Why is Orbiter better than other treadmills, other equipment, swimming or aerobic workouts:

The Orbiter trampoline treadmill combines sure-footed treadmill stability with shock absorbing trampoline comfort. This marriage of benefits creates powerful advantages for users, including:


Dramatically greater aerobic (Max Vo2) workout than other treadmills.

Cardiovascular and cardiopulmonary centers receive significantly greater workouts on an Orbiter treadmill than on other treadmills.

Impact is so much lower on an Orbiter than on other treadmills you can perform your walks jogs or runs barefoot.


Orbiter is the future arrived, new technology replacing the old. After ten years of institutional use by professional sports teams, hospitals, gyms the U.S. Military, NASA and others, it now available in a new improved model. Orbiter's new size fits homes (link to Spec page) and anywhere space is a premium.


Enjoy the benefits of walking, jogging and running on a treadmill, without the shock of high impact.

Let an Orbiter treadmill with trampoline surface do something special for you.

The American Medical Association Says:

"Walking is a good exercise
for relieving the pain and stiffness of arthritis.
You should avoid high-impact exercises
such as jogging, tennis, or step aerobics
because they can put too much pressure
on your joints and can worsen your symptoms."

Orbiter has helped persons suffering from injury or pain due to:


Orbiter is used extensively in home exercise fitness programs, and is a standard in leading physical therapy protocol.

Many physical therapists prefer Orbiter's therapeutic surface to aquatic exercise.  

Orbiter has also helped with such collateral issues such as:

 Runners Knee, depression, and weight loss.

The Orbiter can help, because Orbiters are different from all other treadmills.

Extinguishing Pain on Treadmills


More On Pain from



Originally published in Mayo Clinic Health Letter.

Please visit the Mayo Clinic Webite and Bookstore:

Last updated June 10, 1999.


As early as 6,000 years ago, Sumerian healers used opium, a drug derived from the poppy plant, to relieve pain. Today, researchers know that your brain has special receptors for morphine-like substances.

Morphine, a potent narcotic painkiller used to treat acute pain and pain associated with terminal illness, is derived from opium.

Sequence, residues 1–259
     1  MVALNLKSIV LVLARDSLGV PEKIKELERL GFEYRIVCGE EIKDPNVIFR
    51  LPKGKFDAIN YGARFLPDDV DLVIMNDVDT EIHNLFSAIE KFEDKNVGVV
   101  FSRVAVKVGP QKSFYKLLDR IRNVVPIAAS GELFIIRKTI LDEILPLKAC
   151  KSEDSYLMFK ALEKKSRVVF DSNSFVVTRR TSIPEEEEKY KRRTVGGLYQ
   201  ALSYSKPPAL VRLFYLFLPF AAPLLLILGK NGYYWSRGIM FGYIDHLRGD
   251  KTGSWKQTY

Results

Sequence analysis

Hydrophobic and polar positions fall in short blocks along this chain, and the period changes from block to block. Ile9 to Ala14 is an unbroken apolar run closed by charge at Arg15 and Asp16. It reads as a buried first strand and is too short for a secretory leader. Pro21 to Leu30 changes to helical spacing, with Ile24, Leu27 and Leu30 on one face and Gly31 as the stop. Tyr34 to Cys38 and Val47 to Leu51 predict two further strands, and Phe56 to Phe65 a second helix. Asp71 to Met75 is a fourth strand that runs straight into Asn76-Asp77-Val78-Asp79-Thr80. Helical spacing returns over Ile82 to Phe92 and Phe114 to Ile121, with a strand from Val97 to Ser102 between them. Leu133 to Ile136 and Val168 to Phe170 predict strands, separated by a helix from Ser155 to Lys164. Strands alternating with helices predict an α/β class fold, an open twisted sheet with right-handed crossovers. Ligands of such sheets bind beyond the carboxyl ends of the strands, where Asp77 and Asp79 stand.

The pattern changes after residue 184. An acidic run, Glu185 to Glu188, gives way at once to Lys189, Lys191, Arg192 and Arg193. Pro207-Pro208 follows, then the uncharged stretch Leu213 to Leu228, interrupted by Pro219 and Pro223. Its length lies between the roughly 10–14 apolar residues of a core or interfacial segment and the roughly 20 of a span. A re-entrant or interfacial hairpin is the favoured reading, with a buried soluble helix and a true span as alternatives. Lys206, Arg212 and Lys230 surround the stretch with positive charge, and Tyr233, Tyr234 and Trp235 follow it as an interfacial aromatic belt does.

Researchers also know that your brain and spinal cord make their own morphine-like pain relievers, called endorphins (en-DOR-fins) and enkephalins (en-KEF-uh-lins). When they attach to morphine receptors, these natural pain relievers help relay "stop-pain" messages back to the site of tissue damage.


You can stimulate the release of endorphins through aerobic exercise. Duration of exercise appears to be more important than intensity. Doing low-intensity aerobic exercises for 30 to 45 minutes at a time, five or six days a week, may produce an effect. Be sure to build up slowly. Even exercising three or four days a week may produce some effect.


You should have a complete medical evaluation before beginning any exercise program that is more vigorous than walking if:
You are age 40 or older.
You have been sedentary.
You have risk factors for coronary artery disease.
You have chronic health problems



Types and characteristics of pain

In general, doctors divide pain into two general categories--acute and chronic.

Acute--Acute pain is temporary, related to the physical sensation of tissue damage. It can last from a few seconds to several months, but generally subsides as normal healing occurs. Examples include a burn, a fracture, an overused muscle, or pain after surgery. Cancer pain may be long-lasting but acute due to ongoing tissue damage.


Chronic--Chronic pain lingers long beyond the time of normal healing. Some chronic pain is due to damage or injury to nerve fibers themselves (neuropathic pain). Although it may begin as acute pain, neuropathic pain often develops gradually and becomes chronic pain that's difficult to treat.


Chronic pain can result from diseases, such as shingles and diabetes, or from trauma, surgery or amputation (phantom pain). It can also occur without a known injury or disease. Like a gate that's blocked open, nerves continue to send pain messages even though there is no continuing tissue damage.


Chronic pain ranges from mild to disabling and can last from a few months to many years. Significant emotional and psychological components may develop. The essential ingredient is that the chronic pain changes your behavior.


For example:
You experience the actual physical sensation of acute pain--the immediate, sharp stab in arthritic finger joints as you try to open a lid. Next is the emotional response--your anger and frustration with fumbling fingers. Eventually, behavior changes may occur. You may avoid using aching fingers and hands. Your hands become weak from inactivity, and you depend on others for assistance.

Chronic pain can result in lowered self-esteem, sadness, anger and depression. Over the long term, a sense of helplessness to control chronic pain can lead you to develop characteristic "pain behavior." Behavioral changes can become habitual--crutches that can undermine your ability to effectively manage your pain (see "Caution: Pain behavior can become addicting").

Above article originally published in Mayo Clinic Health Letter.

Please visit the Mayo Clinic Website and Bookstore: